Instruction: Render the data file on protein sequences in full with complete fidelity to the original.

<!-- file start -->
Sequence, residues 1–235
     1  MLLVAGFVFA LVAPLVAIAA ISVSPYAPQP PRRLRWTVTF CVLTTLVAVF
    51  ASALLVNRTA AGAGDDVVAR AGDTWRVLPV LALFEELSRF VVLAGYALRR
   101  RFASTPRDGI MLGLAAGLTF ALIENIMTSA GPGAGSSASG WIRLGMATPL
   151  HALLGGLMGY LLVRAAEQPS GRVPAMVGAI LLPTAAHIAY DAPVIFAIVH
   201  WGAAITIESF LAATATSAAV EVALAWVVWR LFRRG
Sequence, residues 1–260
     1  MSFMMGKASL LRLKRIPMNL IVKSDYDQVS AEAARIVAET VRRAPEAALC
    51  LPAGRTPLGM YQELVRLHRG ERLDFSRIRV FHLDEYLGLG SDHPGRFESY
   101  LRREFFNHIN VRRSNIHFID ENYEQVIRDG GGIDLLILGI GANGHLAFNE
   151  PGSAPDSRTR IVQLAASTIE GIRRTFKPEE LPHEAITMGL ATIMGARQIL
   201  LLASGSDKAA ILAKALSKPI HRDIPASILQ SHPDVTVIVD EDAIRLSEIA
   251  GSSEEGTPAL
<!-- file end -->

Sequence, residues 1–235
     1  MLLVAGFVFA LVAPLVAIAA ISVSPYAPQP PRRLRWTVTF CVLTTLVAVF
    51  ASALLVNRTA AGAGDDVVAR AGDTWRVLPV LALFEELSRF VVLAGYALRR
   101  RFASTPRDGI MLGLAAGLTF ALIENIMTSA GPGAGSSASG WIRLGMATPL
   151  HALLGGLMGY LLVRAAEQPS GRVPAMVGAI LLPTAAHIAY DAPVIFAIVH
   201  WGAAITIESF LAATATSAAV EVALAWVVWR LFRRG
Sequence, residues 1–260
     1  MSFMMGKASL LRLKRIPMNL IVKSDYDQVS AEAARIVAET VRRAPEAALC
    51  LPAGRTPLGM YQELVRLHRG ERLDFSRIRV FHLDEYLGLG SDHPGRFESY
   101  LRREFFNHIN VRRSNIHFID ENYEQVIRDG GGIDLLILGI GANGHLAFNE
   151  PGSAPDSRTR IVQLAASTIE GIRRTFKPEE LPHEAITMGL ATIMGARQIL
   201  LLASGSDKAA ILAKALSKPI HRDIPASILQ SHPDVTVIVD EDAIRLSEIA
   251  GSSEEGTPAL